One, Ballylumford Power-to-X green hydrogen project in Northern Ireland, will electrolyse hydrogen using local wind energy which would otherwise be curtailed. Hydrogen will be stored in underground salt caverns and the outputted gas will be blended with 30% natural gas, the managing director of B9 Storage, the company behind the project, said.
Another is a 40MWh vanadium redox flow battery (VRFB) project by Anglo-American VRFB company Invinity Energy Systems, with EDF-owned developer Pivot Power.
The pair worked together previously on a lithium-vanadium hybrid project, the world’s biggest of its kind to date, in Oxford, England.
“To be included as one of the leading participants in a programme whose explicit purpose is to underline the important role longer duration energy storage technologies will play in our increasingly low-carbon energy system is a great honour,” Invinity CCO Matt Harper told Current±.
Also featured in that first blog was gravity storage startup Gravitricity, which is looking to scale-up from an initial 250kW demonstrator that it has put into action near its headquarters in Edinburgh, Scotland.
The company builds a storage system which essentially lifts and lowers weights, releasing potential energy as it does so. Its next project is expected to be 4MW to 8MW of storage at a site to be determined.
You can read the full blog with the demonstration funding winners’ interviews here.
Later last month, on 24 May, the site ran interviews and a look at some of the 19 pre-commercial funding winners, which as might be expected sounds like a more exotic list of novel technologies than the demonstration projects, which largely feature tech our readers might already be familiar with.
A lithium sulfur flow battery which maker StorTera claimed could be the most energy dense flow battery design ever, metal hydride in depleted uranium as a storage medium and a copper-zinc battery are among the winners there.
You can read the full blog with prototype funding winners’ interviews here.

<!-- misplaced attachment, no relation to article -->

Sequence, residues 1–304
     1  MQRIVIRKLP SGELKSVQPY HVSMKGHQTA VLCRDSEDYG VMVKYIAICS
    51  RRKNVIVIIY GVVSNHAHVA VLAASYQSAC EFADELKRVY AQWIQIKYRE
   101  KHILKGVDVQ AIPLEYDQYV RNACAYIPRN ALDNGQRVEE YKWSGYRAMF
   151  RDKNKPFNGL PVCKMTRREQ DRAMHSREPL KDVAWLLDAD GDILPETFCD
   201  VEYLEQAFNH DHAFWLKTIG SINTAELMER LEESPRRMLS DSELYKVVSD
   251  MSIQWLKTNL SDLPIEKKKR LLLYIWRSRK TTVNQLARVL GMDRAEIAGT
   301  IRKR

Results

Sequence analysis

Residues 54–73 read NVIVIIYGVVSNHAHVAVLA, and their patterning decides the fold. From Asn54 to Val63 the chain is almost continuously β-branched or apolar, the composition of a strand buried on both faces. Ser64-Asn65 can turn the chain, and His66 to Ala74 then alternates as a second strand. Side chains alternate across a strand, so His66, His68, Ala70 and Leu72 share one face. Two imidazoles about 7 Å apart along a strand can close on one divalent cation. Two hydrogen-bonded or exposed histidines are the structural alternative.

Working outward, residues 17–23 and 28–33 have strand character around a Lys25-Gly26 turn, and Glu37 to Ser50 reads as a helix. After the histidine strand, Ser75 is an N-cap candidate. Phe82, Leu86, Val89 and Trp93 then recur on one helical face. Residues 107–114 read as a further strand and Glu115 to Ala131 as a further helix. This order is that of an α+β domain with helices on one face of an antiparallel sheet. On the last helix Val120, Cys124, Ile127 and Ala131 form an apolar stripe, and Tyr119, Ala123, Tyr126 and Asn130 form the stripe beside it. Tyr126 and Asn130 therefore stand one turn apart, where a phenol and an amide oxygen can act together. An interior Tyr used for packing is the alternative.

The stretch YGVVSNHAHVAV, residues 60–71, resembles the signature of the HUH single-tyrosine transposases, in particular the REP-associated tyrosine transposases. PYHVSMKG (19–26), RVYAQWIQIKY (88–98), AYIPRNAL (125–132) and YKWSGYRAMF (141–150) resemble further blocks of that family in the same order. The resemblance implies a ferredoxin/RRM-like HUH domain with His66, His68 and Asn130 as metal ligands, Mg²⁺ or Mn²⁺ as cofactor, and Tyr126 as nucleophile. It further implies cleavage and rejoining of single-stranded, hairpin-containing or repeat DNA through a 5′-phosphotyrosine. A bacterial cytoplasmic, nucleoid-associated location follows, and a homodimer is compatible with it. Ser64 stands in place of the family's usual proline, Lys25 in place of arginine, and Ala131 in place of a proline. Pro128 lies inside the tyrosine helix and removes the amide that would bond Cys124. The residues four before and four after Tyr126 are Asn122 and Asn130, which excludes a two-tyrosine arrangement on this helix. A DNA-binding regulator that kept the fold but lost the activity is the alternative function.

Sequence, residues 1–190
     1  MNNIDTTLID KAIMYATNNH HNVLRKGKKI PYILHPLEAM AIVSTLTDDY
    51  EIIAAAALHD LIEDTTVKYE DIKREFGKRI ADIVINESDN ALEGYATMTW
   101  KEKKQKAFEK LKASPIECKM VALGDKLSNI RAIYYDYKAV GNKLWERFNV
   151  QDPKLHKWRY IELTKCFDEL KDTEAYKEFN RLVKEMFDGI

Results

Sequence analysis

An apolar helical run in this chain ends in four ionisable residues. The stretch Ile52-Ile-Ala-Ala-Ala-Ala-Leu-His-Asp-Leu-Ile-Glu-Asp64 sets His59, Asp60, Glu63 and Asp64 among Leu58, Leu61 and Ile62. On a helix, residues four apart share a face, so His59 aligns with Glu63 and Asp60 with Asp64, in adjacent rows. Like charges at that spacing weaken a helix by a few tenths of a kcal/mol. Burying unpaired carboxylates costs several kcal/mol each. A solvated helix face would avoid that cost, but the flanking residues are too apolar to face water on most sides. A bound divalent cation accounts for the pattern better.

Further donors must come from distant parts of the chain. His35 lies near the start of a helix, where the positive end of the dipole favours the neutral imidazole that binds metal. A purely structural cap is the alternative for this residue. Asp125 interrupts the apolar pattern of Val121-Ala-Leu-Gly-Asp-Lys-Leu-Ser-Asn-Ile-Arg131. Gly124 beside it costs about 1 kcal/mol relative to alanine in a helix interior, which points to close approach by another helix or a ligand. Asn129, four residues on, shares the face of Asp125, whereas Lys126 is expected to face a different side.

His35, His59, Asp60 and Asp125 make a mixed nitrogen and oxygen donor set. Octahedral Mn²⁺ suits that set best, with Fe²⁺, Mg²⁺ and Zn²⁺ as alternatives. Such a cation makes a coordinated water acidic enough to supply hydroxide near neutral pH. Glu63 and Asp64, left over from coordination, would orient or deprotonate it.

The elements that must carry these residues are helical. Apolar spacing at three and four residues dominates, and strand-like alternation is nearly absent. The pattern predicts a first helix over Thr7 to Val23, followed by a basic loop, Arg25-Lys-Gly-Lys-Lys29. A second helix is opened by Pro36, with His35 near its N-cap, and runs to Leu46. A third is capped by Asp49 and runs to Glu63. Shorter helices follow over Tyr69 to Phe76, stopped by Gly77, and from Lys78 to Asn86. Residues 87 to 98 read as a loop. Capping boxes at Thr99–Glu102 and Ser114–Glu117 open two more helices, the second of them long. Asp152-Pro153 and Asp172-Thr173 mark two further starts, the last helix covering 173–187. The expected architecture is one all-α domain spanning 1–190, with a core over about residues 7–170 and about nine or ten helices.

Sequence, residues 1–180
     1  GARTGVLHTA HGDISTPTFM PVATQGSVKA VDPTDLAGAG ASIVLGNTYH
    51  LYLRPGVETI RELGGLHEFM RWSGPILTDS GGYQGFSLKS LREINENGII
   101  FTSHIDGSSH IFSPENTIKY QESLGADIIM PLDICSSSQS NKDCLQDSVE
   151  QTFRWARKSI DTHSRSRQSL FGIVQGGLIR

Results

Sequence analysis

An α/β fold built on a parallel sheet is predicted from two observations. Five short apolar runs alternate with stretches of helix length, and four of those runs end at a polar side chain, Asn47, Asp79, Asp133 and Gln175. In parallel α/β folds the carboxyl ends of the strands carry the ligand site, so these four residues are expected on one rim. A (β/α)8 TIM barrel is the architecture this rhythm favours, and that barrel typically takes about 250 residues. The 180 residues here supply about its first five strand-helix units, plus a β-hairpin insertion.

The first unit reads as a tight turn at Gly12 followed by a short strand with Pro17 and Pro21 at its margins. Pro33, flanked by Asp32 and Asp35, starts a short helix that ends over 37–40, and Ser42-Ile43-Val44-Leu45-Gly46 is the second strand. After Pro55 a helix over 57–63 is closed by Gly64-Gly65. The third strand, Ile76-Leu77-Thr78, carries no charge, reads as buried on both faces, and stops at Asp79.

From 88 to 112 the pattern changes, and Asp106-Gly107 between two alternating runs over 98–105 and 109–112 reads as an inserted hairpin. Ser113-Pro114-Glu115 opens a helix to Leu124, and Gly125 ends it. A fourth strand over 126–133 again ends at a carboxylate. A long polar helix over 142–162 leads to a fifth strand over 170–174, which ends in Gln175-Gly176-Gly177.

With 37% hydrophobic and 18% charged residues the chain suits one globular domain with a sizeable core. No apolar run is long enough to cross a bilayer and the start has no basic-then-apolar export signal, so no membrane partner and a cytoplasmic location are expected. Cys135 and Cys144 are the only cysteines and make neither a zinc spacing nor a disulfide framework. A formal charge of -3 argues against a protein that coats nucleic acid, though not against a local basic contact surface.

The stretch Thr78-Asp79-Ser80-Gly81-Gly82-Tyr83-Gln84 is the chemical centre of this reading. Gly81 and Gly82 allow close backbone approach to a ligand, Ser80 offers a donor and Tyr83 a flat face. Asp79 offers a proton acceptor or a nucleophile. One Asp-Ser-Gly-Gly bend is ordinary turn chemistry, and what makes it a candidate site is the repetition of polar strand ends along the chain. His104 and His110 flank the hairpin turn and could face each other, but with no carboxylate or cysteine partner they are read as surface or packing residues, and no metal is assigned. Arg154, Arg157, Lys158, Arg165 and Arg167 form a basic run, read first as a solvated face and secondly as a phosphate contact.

That’s the technology on one hand but on the other it was highlighted last week just how far the UK market still has to go in developing the right framework making for longer durations of energy storage economically viable.
Current± reported that one of the biggest investors in the UK market and a developer-owner of projects, Gore Street Energy Storage Fund, said the optimal revenue mix for energy storage in the UK remains grid balancing services.
As such, its investments will still likely be directed towards battery storage assets with a duration of one hour for the time being. Gore Street said the much lower Capex of shorter duration batteries allows for much higher profits, in the absence of significant commercial opportunities for shifting multiple hours of stored energy.
“Long-duration storage is one of the last unsolved challenges of the energy transition,” Matt Allen, CEO and co-founder of Longer Duration Energy Storage Demonstration Programme participant Pivot Power told Current± in one of the May blogs.
“While we already have much of the technology to store renewable energy for short periods of time, storing it across monthly and even yearly intervals will play a fundamental role in creating strong, secure and sustainable power systems. This year could be the turning point where long-duration storage finally receives the support it requires to scale at pace, and we look forward to working with our project partners to deliver vital pilot projects and accelerate the UK’s journey to net zero.”
Additional reporting by Molly Lempriere, UK editor, Solar Media.